His fear must have shown. Huntsmen and huntresses looked back, uncertain, but as those loyal to Atlas and who had been ordered to follow his instructions complied, group behaviour kicked in. Those not from Atlas assumed those running away had seen something they hadn't. More followed, then more and more until the last ones didn't want to be the only people not running away, and so joined the retreat as well.
Over the cracked ground, past the broken anti-air weapons and the bodies of Tyrian's fanatics, away from thrown rocks and boulders and the Grimm behind. Jaune's feet kept pounding even as four jets whooshed by overheard and unleashed their missiles. The dust weapons corkscrewed through the air and struck the monster's chest and head, exploding and knocking it back. Its thick, tar-like skin caught fire and burned, making it look even more like a demon.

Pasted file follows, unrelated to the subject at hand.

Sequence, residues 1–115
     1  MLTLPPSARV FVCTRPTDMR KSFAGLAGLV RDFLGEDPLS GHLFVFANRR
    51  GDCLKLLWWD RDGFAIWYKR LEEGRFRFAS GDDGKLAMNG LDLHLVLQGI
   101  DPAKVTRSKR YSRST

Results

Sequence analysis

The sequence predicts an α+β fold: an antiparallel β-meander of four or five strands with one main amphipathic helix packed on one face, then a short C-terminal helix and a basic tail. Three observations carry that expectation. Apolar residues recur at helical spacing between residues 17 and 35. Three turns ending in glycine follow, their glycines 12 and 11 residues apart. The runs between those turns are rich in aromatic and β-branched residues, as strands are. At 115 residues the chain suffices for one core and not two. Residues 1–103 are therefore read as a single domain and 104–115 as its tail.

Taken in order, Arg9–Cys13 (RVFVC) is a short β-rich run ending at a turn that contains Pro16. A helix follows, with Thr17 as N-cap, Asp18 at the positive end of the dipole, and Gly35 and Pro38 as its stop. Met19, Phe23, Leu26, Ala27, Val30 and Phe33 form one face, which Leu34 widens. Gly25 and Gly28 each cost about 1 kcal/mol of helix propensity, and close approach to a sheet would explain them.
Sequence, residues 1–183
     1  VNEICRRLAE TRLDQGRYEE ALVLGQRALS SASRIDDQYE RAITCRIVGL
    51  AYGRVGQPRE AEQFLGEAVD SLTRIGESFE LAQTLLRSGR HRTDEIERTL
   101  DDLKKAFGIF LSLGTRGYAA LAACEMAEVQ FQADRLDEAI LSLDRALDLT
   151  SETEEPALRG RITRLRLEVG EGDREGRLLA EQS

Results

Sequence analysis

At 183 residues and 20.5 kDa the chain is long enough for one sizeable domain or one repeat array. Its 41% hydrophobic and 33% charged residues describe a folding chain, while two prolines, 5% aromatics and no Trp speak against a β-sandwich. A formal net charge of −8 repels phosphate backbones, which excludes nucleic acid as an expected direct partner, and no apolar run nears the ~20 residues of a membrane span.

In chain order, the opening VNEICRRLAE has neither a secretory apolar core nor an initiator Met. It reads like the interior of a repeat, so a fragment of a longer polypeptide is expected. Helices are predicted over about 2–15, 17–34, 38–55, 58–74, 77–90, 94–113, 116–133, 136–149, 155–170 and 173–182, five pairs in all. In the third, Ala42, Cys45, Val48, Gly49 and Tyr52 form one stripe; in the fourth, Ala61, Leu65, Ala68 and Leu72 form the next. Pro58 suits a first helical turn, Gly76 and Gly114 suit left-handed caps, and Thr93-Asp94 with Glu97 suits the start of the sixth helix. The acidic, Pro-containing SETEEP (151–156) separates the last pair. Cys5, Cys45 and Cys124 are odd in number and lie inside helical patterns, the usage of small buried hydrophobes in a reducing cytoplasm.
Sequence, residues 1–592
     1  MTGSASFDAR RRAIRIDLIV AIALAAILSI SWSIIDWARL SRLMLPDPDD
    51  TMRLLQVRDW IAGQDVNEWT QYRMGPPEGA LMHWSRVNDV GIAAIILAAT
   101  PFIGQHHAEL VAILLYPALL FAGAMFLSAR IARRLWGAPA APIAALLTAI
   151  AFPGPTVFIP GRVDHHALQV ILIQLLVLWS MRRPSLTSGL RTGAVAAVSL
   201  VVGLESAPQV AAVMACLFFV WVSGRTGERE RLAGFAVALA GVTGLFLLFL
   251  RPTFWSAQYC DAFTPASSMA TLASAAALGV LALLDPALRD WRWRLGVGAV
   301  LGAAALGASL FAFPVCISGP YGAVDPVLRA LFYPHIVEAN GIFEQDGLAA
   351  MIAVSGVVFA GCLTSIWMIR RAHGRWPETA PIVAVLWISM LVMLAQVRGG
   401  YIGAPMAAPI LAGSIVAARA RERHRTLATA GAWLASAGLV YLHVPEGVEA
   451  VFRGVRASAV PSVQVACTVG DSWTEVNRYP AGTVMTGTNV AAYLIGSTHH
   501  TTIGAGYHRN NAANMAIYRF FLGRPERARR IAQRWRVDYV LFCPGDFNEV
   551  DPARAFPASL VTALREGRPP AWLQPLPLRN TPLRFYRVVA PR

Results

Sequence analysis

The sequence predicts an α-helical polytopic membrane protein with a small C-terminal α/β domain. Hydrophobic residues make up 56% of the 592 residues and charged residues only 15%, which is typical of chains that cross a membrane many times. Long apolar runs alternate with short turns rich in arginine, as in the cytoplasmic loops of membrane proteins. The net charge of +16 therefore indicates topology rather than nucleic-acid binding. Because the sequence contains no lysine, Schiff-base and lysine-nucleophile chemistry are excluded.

The aircraft wheeled off and away. In the distance, the armada shifted noticeably. The side of the fleet opened up to reveal a single ship – large, but seemingly small in the distance – glowing a pale shade of blue. It burned like a neutron star, the light intensifying until it drowned out the gunfire and explosions surrounding it. Even from miles away, a threatening buzzing sound reached Jaune's ears. A him that grew in intensity, becoming almost deafening.
The air crackled, filled with static electricity.
Jaune leapt. Qrow did the same, and two hundred huntsmen and huntresses followed suit. In the distance, Ironwood's latest weapon seemed to blink. And then they all did. Or maybe the world blinked. All Jaune knew was that for a brief fraction of a second the world went black. Something had passed by overhead, but he couldn't process it. Couldn't see it. His eyes were spotty and splotchy, dark spots rendering him blind.